NIH Head Francis Collins Appointed to Vatican's Scientific Academy

Francis Collins, director of the National Institutes of Health, has been appointed by Pope Benedict XVI to the Vatican's Pontifical Academy of Sciences, according to a recent announcement.

Collins, who was tapped by President Obama three months ago to lead the nation's premiere medical research agency, was one of two prominent U.S. geneticists selected last week to join the Pontifical Academy of Sciences based on the high scientific value of their activities and their high moral profile.

As an independent body within the Holy See, the Pontifical Academy of Sciences exists to promote the progress of the mathematical, physical and natural sciences and the study of related problems with respects to the origin, nature, methods, and limits of human knowledge.

Though Collins is an evangelical Christian and a supporter of embryonic stem cell research, which the Catholic Church strictly opposes, the prominent geneticist is widely recognized as one of the world's leading geneticists and touted for his lead role in the breakthrough unraveling of the human genetic code and his landmark discoveries of disease genes.

Collins is also known for his consistent emphasis on the importance of ethical and legal issues in genetics. He has been elected to the Institute of Medicine and the National Academy of Sciences, and was awarded the Presidential Medal of Freedom – the highest civilian honor given by the President – in November 2007.

As one of the Pontifical Academy of Sciences' 80 members, Collins would participate in a plenary session at the Vatican every two years, joining other Academicians, including a number of Nobel laureates.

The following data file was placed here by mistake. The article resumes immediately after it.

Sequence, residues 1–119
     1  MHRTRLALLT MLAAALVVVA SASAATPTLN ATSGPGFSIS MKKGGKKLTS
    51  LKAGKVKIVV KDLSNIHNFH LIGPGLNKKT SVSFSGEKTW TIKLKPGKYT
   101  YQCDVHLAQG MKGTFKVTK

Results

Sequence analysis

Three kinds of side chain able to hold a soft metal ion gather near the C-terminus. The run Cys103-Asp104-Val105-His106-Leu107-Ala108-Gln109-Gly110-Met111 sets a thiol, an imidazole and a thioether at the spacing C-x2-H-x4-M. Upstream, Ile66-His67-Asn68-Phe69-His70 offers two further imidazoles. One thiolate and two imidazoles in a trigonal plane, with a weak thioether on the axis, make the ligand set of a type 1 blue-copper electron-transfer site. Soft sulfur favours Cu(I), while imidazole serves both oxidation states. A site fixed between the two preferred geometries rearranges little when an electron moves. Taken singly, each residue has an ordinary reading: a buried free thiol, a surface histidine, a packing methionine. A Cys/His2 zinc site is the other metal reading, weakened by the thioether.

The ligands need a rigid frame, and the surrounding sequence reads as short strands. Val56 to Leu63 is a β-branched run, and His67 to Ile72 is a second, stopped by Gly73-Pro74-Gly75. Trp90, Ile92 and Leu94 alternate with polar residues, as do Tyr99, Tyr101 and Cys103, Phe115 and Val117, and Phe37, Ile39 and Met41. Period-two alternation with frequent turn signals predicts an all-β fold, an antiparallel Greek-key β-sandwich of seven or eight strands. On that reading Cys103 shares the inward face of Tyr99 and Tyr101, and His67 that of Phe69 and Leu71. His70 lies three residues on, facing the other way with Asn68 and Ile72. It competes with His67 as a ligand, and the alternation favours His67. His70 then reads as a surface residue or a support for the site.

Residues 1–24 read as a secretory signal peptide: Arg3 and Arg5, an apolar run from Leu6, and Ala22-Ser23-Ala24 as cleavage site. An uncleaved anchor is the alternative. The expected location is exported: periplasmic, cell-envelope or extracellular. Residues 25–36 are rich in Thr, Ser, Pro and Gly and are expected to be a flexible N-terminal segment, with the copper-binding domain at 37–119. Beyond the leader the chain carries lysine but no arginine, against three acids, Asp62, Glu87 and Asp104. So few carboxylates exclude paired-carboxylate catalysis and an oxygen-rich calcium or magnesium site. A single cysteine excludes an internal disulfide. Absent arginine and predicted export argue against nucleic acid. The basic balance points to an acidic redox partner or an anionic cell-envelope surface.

Over the past 162 years, the academy has recruited some of the top scientists in the world, including German physicist Max Planck, founder of the quantum theory; Alexander Fleming, who discovered the antibiotic substance penicillin; and Danish physicist Niels Bohr, who made fundamental contributions to understanding atomic structure and quantum mechanics.

 Italian astronomer Galileo Galilei is also said to have been a member and leader of the first academy, which was dissolved and later re-created by Pope Pius IX in 1847.

Notably, however, it was the Catholic Church that warned Galileo to abandon his public support for heliocentrism in the early 17th century and forced him to spend the last ten years of his life under house arrest after the Roman Inquisition found him "vehemently suspect of heresy."

 It was not until 1835 – 193 years later – that all traces of the Catholic Church's official opposition to heliocentrism disappeared, and not until 1992 that a declaration was issued by a pope acknowledging the errors committed by the church tribunal that judged Galileo's scientific positions.

In March 2008, the Vatican proposed to complete its rehabilitation of Galileo by erecting a statue of him inside the Vatican walls.